The Baytown Sun from Baytown, Texas on May 20, 1952 · Page 10
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The Baytown Sun from Baytown, Texas · Page 10

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Baytown, Texas
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Tuesday, May 20, 1952
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Page 10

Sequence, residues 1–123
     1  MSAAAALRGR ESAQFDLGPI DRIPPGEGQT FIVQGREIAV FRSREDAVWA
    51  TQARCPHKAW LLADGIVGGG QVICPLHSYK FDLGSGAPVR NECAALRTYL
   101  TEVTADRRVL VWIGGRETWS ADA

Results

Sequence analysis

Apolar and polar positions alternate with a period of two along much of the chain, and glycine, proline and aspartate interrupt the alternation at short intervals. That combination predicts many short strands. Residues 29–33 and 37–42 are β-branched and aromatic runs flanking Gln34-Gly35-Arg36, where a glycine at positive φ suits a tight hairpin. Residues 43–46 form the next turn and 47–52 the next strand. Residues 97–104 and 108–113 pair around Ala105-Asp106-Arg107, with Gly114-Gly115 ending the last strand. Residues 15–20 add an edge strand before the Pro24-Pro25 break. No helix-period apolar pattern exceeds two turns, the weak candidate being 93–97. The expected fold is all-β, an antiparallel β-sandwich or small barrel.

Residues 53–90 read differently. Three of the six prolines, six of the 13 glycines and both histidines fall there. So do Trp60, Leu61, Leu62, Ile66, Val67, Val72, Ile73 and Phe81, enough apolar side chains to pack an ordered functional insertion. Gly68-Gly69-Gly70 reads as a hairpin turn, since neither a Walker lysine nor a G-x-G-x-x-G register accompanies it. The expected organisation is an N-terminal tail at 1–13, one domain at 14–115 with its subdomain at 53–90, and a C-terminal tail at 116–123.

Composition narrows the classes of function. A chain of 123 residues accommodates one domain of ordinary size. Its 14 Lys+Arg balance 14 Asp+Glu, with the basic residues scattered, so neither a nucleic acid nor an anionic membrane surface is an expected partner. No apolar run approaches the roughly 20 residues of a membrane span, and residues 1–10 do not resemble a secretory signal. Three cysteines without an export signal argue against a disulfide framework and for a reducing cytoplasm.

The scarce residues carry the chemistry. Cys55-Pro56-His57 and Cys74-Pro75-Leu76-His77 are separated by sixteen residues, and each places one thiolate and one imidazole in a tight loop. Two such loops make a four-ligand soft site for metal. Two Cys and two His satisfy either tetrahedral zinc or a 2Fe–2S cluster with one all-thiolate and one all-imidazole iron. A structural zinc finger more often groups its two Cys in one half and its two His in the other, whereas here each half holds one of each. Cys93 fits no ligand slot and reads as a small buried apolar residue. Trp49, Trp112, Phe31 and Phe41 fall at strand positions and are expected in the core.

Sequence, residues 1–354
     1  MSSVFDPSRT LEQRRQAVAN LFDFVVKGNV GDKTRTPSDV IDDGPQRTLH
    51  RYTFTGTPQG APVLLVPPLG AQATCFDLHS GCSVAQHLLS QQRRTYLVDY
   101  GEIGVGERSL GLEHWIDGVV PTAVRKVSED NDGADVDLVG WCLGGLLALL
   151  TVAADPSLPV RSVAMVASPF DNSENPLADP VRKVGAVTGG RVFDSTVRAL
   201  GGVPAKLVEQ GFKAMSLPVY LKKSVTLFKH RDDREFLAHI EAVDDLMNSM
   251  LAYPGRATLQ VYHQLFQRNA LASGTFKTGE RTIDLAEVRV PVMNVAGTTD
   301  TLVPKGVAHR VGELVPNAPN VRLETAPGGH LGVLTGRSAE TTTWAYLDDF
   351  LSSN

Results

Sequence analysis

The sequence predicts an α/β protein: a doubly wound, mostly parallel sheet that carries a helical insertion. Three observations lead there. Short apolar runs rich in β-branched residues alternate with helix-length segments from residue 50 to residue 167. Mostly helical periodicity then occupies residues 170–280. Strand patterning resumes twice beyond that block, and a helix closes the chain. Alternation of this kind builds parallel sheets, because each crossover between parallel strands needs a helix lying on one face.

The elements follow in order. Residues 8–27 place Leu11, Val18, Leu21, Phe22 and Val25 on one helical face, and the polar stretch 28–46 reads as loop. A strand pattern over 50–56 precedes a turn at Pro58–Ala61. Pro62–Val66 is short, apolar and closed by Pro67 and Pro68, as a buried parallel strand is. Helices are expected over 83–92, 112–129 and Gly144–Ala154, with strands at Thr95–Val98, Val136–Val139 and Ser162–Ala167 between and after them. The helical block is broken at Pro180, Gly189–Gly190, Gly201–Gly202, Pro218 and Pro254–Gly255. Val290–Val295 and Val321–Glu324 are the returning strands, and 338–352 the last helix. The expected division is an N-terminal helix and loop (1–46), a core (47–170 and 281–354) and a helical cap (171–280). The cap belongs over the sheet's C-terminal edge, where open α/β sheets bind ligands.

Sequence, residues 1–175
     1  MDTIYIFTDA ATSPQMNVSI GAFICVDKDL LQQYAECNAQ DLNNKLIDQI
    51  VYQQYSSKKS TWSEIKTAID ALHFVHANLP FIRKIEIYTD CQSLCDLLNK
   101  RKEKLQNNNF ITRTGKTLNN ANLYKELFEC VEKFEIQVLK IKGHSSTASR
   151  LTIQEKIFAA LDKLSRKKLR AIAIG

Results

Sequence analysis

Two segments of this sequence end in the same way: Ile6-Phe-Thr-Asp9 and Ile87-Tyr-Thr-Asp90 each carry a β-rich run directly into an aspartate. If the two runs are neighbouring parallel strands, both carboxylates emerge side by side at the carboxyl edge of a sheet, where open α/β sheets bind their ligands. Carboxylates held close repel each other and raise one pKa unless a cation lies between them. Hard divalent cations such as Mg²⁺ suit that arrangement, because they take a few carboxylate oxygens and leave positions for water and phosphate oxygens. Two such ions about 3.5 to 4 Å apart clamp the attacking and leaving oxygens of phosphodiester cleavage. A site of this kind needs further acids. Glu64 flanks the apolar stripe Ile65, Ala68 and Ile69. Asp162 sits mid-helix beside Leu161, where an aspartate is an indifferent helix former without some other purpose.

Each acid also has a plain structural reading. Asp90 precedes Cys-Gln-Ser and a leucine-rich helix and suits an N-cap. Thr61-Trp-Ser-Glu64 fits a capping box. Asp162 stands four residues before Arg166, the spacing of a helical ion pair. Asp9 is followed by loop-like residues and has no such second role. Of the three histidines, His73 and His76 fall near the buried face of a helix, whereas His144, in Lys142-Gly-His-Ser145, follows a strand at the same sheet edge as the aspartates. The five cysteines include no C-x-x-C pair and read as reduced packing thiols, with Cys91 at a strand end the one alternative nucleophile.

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PAGE 10-THE BAYTOWN SUN, TUESDAY, MAY 20, 1952' Hstory-Making Flight Was 25 Years Ago Bv CHARLES CORD DKV solo and they thought the man /fhe years passed rapidly after Gat Js First Mouse Trap Casualty Repentant Bandit Says He'il Mai! Loot Back China, -Russia the three most p ( in the world. fiv e millln More than 1 XEW VORK—0?.E)—A young 1 ' rob- v have been distributed" 011 ber broke into MM. Fannie Belle- Pnze award *son's apartment, knocked-her- to U\ »^/il J .-»ltA-iA'jO V^V^iVJlvJfiVX £>U1U 4.J1U kU<T,) LUUU&LLl. HIE J«ia*' j iiiC ,JCO.ia Jt/a^>i^v> .j w^u'J *»»*.,• —- —» — - j - __ - , '"!,•' I-WASHINGTON — (\."£i~ Charles with the 225-horsepower Ryan that, and not always happily for "CLEVELAND, Ohio - <U.E>-~ A. T. the floor, stole her husband s shirts A. Lindbergh, 50 years old but monoplane had more eourage than the i-indberghs.. There was the jjines recently bought a cat to and 6OC ks, drank a glass" of water wisdom. " ' agonizing period after their infant Catc j 1 mice on his prooerty. But . _, ,_ rt . •-> ' -remarkably little changed by the years, is as much a mystery man now as he was a quarter-century ago when he dropped down at Curtiss Field, N. Y., one day in May with the romantic notion of flying the Atlantic, solo. Today is the 25th anniversary of Lindbergh's take-off from adjacent Roosevelt . Field in a frail monoplane, the "Spirit of St. Louis," \vhch hangs now in the Smithsonian Institution here. Thir- ty-thr«>e hours and 29 minutes of "seat of the pants-' flying brought Lindberg -flew" alone, with two son was kidnaped, 20 years ago. sandwiches, two canteens of water, ,There was the seclusion in Eng- two chocolate bars •*-• and no-ra- land. There was the pre-World dio. He had a compass to tell^him War II period when Lindbergh, fol- feline merely lounged in the while the mice skipped mer- -rily by. He later .telephoned -Mrs.ABelie-' son and said:"I'm sorry, I hope I didn't hurt where he was as he flew at altitudes ranging from 50 feet to 10,000. - ' Lift in America slowed down, crowds at the Sharkey-Maloney fight " prayed, and 10,000 people called one New York newspaper, while Lindberg flew. When it was over, President Coolidge ordered the cruiser Memphis to return lowing deep convictions, found himself on the unpopular side in ~thig country. The nation still does not know fully thep art Lindbergh played in World War II and thereafter as an Air Force consultant. This nation oxved its possession of vital data about the German air force to Lindbergh, who had traveled £*L r t \,rr^!^j^i^^^ . STATE RESERVED -': "SeeMeBeroreYouiy;/ 1 ; Dial 2061 of the most aclaimed men of mod- the request of American author!- ern ties. ties. An English major can employ his education in many fields of work today. (EDITOR'S XOTE: This is another in a serie* of articles on career opportunities for high school and college students in Important vocational fields. They are based on a. prospectus prepared by Fenn tollege, Cle\e- larid, and were prepared in cooperation with business, industry and the professions.) ENGLISH logic, semantics and science. In most schools you would have a wide choice of electives in education if you plan to teach, or for concentration in one "of .the many bypaths of English. Opportunities — Until recent years, the English major was regarded primarily as a future teacher, author or playwright. Today the field is much wider, with increasing op- Lindbergh to Paris and the world him to a land that made him one in Germany in 1935 and 1938 at to his feet. In the quiet of his Connecticut home with his wife, Anne Morrow Lindbergh, a tiny, black-haired beauty, and their five children, Lindberg 'will p«> r l ess outward attention to the anniversary' than anyone else. Glorying in his long- sought privacy, he has declined hundreds of in 'vi tat ions and pleas for appearances, interviews, and speeches. But memory will no doubt intrude on this privacy, perhaps more than anyone ever will know. The "Lone Eagle" will think back to the day—May 12 — when he arrived at Curtiss, a 25-year-old mail pilot, shy, uninformative, and surrounded by the,great flyers of the day. These men — Richard E. Byrd, Bernt Balchen, Clarence Chamberlin, Bert Acosta, and others — were making ready to span the Atlantic. But no one was going \ The Spirit of Sf. Louis winging on its way io Paris in 1927. Whiskery Men Want No Questions Before platinum became as yal- uable as it is today, it was often gilded and sold by swindlers as sold bricks. •* As we know a man by what he portunities in a host of new and says we know an age bv its books, "more practical" occupations such The study of English and of Amor- as journalism, advertising, public male citizenry of Chesterton, busy -lean and English literature, is a relations, publicity, business and raising oeards tor tne town s cen- fascinatin^ pastime and a. vital ap- technical papers and "house or- tennial, carry the following cards proach to understanding the men gans." rt " *™ r n«*-nf-rown frins: and cultures which produced them. in addition to this, more and But English is also the study of more business firms are realizing language . . . the businessman's the value of effective correspond- language as well as the scholar's, eiitv. reports and employe-rela- Ic is the universal basis of all uons material. To do this job they communication, both written and :irc seeking an increasing number spoken. In the competitive hustle O j capable young people trained in of modern civilization, the ability langxiage and composition. clearly and em- ^ Q ...^-«v.r« and Ind. — (UJR>— The on their out-of-town trips: "This beard 1 is being grown for the Chesterton, centennial. "No, my wife; doesn't like it. "Yes. I know it-looks like hell." Freezing Unit Shipped To Land Of Penguins BUEis T OIS AIRES —<l".R>— Art L. j-'J ii^ii-a** **<• v*"< * ~«- ^ — ,.-..- - - _^ /3 y-» ir r> the study of syntax, from the dynamic energy ana cyn- gcntina nas installed a freezing :,-'!- v is of the utmost im- Qualifications — Personality in all fields of business, temperament characteristic of The study of English in ool^ ^ -™- ^ pT^^X^SS^- " S Se^«^« ---SSK^a^^: &^^™^» Ipeae and various period courses beauty and expr.ssKm a .opcai in the novel, poetry and drama, mind, a love of books a degree pi Throughout the four-year program perception and ^ s ] e * ac ^ r ^ and e d to prevent foodstuffs from spoil- paint in Antarctica's most advanced outpost where the temperature drops to 60 degrees below zero. A dispatch from the Graham land base seid the plant was need, ... s' of the short story and the summer whep the temperature climbs to 50 degrees exnository writing. These would be couplec with a SUGGESTED >-ham. W. Somerset, The Jo" Doubleday. Doran Big Ben. the great bell on thp London Parliament building, Lindbergh before P.ighf. * SPORTSMEN! * FISHERMEN! * BOAT OWNERS! INSURE YOUR BOAT AND MOTOR AT A LOW COST! EXTREMELY LOW ANNUAL RATES— 3'/2% to 5 % °* Value 5% Rate Includes Liability See Jim Bond See Bond insurance Agency Main Dial 8248 90 tion Young Man ©oes West- Now What? EDMONTON, Aha. —TB— A job- hunter ran the following advertisement in the classified section of a-local newspaper today: - "Back East they say 'go West, young man. 'Well. I'm her. Now •\yhat?" Modern Crusoe Found On Hediter raneen Isie ROME—(U.P>—A Danish film expedition • reported today' it had found a modern Robinson Crusoe living on desolate Monte Carlo Island. Members said the hermit, a 25- year-old Italian who identified himself only as "Arturo," had lived there two years, eating four-foot snakes, mountain goats and occasionally an octopus. DAILY CROSSWORD cott Co. 194S. Hayakawa, S. I., "Language in Thoughts and Ac- A_^c*-*iei ****•& ^__ — f) * n Harcourt, ^ruce, 19*9. * VALUES TO $27:50 * RAYON TROPICALS AND RAYOH SHARKSKINS * SINGLE AND DOUBLE BREASTED * REGULARS - SHORTS - LONGS * BEALLPARK QUALITY -. * ALTERATIONS FREE * USE BEALL'S LAY-A-WAY BEALL'S ... TR£ R! GHT -WAY TO THRIFT TEXAS AVENUE Vote W\SHD*GTON - ^-R) —Pollster Geor-e Gallup today predicted a record turnout of 55 million vo,- ers f or the November elections, but said it is too early to pick a winner. -The election can go either way At least that is the .situation at'the moment." the director of the "American Institute of Puohc Opinion said in a copyrighted interview with O. S. News and World Report magazine. Ruefully recalling the 1948 debacle in which he and nearly all other pollsters picked Gov. Thomas E. Dewey to defeat President Truman. Gallup steered clear of any long-range forecasts. But he said he Is confident that the 194S errors - in polling technique have been traced and corrected, and th*-t he will be able to call the turn accurately this fall. ACROSS^ -llLittlelsland 46. Japanese coin (poss.) ID? Piece of 12. Capital -13. Ethan , .If i'Anierican .^* soldier l£ Ceases 16, Fish 17v GoJf mound ISC Water ^god - - 1. To plant "deeply 2.'Dirties 3. Easy gaits 4. Paradise 5. Ascended 6. Part of a horse's foot 7. JTodcIer vat S. Run away and marry 13; Sleeveless - /garments ', (Arab.) 15. Samarium' - (sym-) 17. Toward 20. Earth as- a goddess 22. Sloth .24. Mulberry . 25. Breed - of sheep 26. Gold (Her.)" 27. Try ing- experiences- 28. Close 30. Aloft 1 32. Like - 33. Bog _ . 35. River (Fr.) •fh&n -foof NEW FROM THE^INSIDE OUT —No trim change here- This one'slrefr//\' new. not i ju«t a 1952 iac-i lift. For this isVth- Forerunn<:r-s:>lr{}, Space- planntxl Mcrrnry—fhe^car vilh the future features that-ihe others vrisli they bad. rA Don't mils the . '-TOAST OP •with Ed SoU'var 6:00 to 7:00 S ?,6. Worth 37. City (G*T.)39;-Festive ,.40. Portions of. a garden - l£ Indefinite" "^article 20. Depart 21^ Sun god ^3: A wager 26. Pungent I .vegetable 29. Music note .SO; Biblical city 51. Musicnote 52. Part of - "to be'' 34. Tear SS. Ancient sacred /literature - (Hindu) Sg. Medieval - r stories 40, More inferior 41, Garden too! 42. Girl's name 43. Slide over ' between Ivro people r-# Stondora «t^amen«. tUt* ere »*J»=« » COME IN TODAY FOR YOUR "PRIZE-WlfiNING DRIVE" A/0.1 ECONOMY CAR" TRY THE; 3-YEAR WINNER THAT TOPPED :ALL OTHER CARS IN 1952 MOBRGAS ECONOMY RUN Step up to the car that makes others look—and ride—like years-ago models. Step out in the car that again won the Grand Sweepstakes Prize—^the car that has taken first-in-class honors three times in three years in Mobilgas Economy Runs. Then try to act nonchalant. Try to quiet the quickening of your pulse as you wing along on your first "Prize-Winning Drive."' See what that "lei's go"* Forerunner Styling does • even for vjsiHility.; especia that right front fender. " engineers have d river-pi ani features like' the buik-out-f front ari^ over iscovcr how Mercury ed this car with future K»m-the-da5h Interceptor instrument panel. But 'most important, fini l..out what -Mercury & new-' live-Height design --teamed vith a t« r ' " advanced siepped-up V-8 - has done lor balance and' handling. Feel this' ca *s 'almost unbelievable heri it rounds a curve out the botince and ground-hugging stability^ v. . how it msgically snu jounce^ of unkept byways.} It's a new experience in niotofing. Stop in and try Mercury's 'Trize. W itinmg ' 2113 Market Street